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Lilburn

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If you have run out of Sibelius, where next?

Lilburn's Second Symphony, that's where. The world turned upside down, in an entirely good way. Lilburn, New Zealand's finest, is a fascinating composer - not boringly derivative, but going onwards from Sibelius in a constructive way. Founding an orchestral musical tradition in a part of the world which, before him, had been more or less without one.

His Drysdale Overture is a lovely piece with a great tune. The 10-minute song cycle Sings Harry is a masterpiece in miniature.

Lilburn's centenary came along in 2015, and I e-mailed the BBC to ask them to use him as a Composer of the Week. He was an excellent candidate - not previously featured, with an interesting personal life, from a part of the world not usually thought of as having much music, and with an unexpected creative volte-face towards electronica in midlife. What more could CotW want? But I was ignored...

The Naxos recordings of Lilburn's orchestral music with James Judd directing the New Zealand SO are excellent. If you want a new musical avenue, please consider this one!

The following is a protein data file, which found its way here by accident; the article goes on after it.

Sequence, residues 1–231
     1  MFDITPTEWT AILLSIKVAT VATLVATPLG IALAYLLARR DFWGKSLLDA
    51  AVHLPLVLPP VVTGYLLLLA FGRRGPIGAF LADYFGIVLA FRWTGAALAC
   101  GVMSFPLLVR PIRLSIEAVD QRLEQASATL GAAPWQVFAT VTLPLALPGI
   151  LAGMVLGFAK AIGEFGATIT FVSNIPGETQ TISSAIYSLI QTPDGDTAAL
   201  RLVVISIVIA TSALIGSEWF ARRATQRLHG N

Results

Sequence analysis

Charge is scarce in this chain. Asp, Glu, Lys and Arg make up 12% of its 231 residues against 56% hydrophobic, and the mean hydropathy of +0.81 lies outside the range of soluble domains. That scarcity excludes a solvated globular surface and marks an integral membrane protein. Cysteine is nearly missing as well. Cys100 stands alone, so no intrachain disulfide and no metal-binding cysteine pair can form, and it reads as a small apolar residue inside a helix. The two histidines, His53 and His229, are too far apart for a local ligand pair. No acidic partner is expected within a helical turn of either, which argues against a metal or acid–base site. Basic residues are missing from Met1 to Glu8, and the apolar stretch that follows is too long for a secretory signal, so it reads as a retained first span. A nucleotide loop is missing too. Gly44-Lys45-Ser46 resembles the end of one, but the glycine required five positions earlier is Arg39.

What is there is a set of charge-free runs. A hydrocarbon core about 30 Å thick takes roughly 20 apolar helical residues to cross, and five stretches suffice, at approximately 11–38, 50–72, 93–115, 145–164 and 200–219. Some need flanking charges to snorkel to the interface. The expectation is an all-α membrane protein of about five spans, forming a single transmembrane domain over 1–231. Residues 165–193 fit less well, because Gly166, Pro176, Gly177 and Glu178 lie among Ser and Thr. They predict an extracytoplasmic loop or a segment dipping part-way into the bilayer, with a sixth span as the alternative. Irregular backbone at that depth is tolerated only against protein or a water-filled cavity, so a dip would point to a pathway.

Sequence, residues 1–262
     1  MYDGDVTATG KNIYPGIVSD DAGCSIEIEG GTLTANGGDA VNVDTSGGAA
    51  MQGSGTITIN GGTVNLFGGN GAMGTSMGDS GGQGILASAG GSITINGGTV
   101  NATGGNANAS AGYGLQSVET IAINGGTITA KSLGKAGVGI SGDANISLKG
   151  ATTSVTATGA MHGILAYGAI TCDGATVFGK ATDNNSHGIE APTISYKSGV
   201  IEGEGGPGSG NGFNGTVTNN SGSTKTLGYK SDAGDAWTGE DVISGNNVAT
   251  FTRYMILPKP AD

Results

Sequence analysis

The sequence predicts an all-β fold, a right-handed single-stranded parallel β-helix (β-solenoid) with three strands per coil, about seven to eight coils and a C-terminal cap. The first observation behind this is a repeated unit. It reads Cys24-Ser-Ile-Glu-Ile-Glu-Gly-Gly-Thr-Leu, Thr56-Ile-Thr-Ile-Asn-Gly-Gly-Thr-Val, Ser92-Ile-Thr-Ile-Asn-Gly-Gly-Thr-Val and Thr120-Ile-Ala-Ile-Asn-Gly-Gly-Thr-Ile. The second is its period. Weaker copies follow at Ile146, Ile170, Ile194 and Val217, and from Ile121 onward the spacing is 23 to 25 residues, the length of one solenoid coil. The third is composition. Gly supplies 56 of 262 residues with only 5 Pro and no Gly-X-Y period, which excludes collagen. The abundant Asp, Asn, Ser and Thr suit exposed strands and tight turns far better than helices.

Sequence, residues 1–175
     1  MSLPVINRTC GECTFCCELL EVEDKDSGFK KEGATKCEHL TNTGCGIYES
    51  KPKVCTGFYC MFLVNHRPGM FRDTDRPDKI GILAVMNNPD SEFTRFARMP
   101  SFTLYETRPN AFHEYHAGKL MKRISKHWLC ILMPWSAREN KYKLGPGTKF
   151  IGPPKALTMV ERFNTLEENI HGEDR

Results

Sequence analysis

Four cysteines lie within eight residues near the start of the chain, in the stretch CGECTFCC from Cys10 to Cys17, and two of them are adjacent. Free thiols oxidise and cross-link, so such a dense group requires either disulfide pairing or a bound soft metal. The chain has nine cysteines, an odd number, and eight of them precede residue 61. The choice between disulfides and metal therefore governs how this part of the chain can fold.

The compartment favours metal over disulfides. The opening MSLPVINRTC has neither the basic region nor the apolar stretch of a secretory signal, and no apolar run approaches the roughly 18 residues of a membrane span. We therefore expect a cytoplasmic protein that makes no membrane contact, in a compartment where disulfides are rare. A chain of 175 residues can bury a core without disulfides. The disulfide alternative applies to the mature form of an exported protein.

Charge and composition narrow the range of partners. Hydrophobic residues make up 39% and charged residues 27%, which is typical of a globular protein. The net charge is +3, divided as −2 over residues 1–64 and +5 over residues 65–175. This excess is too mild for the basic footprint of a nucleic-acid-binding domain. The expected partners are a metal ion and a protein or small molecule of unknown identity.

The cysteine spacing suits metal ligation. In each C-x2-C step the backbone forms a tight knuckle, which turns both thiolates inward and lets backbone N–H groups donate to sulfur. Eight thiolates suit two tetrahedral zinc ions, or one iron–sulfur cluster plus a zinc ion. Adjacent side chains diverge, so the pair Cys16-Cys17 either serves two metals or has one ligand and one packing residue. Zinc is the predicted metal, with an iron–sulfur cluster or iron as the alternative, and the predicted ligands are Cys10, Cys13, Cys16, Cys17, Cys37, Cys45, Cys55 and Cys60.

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The WAM mirrors the BBC & Lilburn is ignored - perhaps because nobody has heard of him.
Sibelius was inspired by his surroundings - the often harsh landscape of  Finland,  but his Symphonies aren't easy listening..
Perhaps Lilburn was inspired by the  New Zealand landscape & what better inspiration.

The pastoral influence is a recurring theme in classical music - Beethoven , Vaughan Williams &  others have tried it & often very well succeeded.



 

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Whenever I have heard of Lilburn it is always in glowing terms '... powerful symphonies ... etc'  Looks like time to give him a go.  There must be quite a few first ranking works out there that have not hit mainstream radar.  

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